Everybody is talking about Bitcoins. “Price is going up!”, “It’s been a bad year for Bitcoin; investors only made 730x their initial investment in the past 5 months”, “My grandmother got me 0.38 of a Bitcoin for Christmas”. You have heard some variation of this yourself in the past, but the question remains: What the hell is Bitcoin?
If you are looking for a full scale, well-articulated and in-depth explanation, you came to the right place. Here at iGamingCRM.com you can expect nothing but the best, most thorough research. As such, our professional answer is: Google “What is Bitcoin” and you will get this link. You’re welcome!
Decided to stay? Well, here’s the “Bitcoins for Dummies iGaming Executives” version:
It’s an internet community based currency. What’s its value? As much as people are willing to pay – much like any other traded commodity (e.g. gold, oil, diamonds, stocks or real-estate). As there is a market for Bitcoins, there is a “BUY” price, as well as “SELL” price. Which one is relevant to you? The one in which you lose more money during the transaction.
Bitcoins (or BTC) are constantly being produced by “miners” (don’t ask – it’s an IT process conducted by geeks who makes more money than you do), yet once the world’s pool reaches 21 million BTC, there won’t be an option to produce any more. The price people are willing to pay in order to purchase BTC is being driven up since we are talking about an economy based on a limited number of items (ask someone smart about supply and demand). Currently, a single BTC costs about $400 and, therefore, most of the transactions are by the fractions of a BTC (i.e. $100 is equal to ~0.25BTC).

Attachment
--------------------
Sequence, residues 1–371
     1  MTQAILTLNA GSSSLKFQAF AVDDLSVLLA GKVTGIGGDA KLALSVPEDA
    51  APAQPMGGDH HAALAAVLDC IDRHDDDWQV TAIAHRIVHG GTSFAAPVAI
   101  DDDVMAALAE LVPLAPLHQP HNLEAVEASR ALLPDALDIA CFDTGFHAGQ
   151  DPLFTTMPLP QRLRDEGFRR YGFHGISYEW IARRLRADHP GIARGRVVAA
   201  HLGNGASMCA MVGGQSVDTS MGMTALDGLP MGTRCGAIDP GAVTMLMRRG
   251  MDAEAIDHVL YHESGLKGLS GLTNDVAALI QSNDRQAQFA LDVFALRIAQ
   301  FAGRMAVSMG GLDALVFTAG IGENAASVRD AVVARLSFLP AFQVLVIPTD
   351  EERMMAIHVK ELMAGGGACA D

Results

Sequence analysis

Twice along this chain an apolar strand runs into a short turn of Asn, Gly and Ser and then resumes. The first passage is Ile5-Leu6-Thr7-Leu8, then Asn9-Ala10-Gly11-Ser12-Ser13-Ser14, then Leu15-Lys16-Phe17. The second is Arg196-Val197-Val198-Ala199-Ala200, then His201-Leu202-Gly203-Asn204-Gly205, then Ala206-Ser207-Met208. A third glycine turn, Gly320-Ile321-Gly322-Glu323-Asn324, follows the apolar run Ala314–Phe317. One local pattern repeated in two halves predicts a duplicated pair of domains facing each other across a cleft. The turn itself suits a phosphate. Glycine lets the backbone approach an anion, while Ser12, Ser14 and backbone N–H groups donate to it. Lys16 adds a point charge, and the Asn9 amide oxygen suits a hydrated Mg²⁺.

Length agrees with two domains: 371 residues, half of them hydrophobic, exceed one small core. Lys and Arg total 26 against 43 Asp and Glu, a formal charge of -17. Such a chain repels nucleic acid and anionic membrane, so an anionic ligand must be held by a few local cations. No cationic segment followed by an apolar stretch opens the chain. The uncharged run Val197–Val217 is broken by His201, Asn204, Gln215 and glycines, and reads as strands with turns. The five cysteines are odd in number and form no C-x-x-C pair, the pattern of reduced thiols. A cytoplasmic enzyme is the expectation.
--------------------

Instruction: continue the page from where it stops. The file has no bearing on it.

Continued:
Here is a short clip that sums up this Bitcoin 101 Introductory:
So, how do you buy a BTC? There is a (very) long answer, and a short one. Knowing you, I’ll give you the simpler one: Well, you can’t.
Seriously, if you have never done it before and want some BTC right now, you can’t do it. BTC can only be purchased using wire transfers (and these take a few days) or cash in hand (yeah, right).
The only instant way to do it is to call a friend who already has few BTC to spare, convince him/her to sell you a portion and then you log into your online BTC wallet, generate a code equivalent to the amount your friend is about to send you, share it and wait for the funds. So if you want to send me, say, half a BTC here’s what it will look like: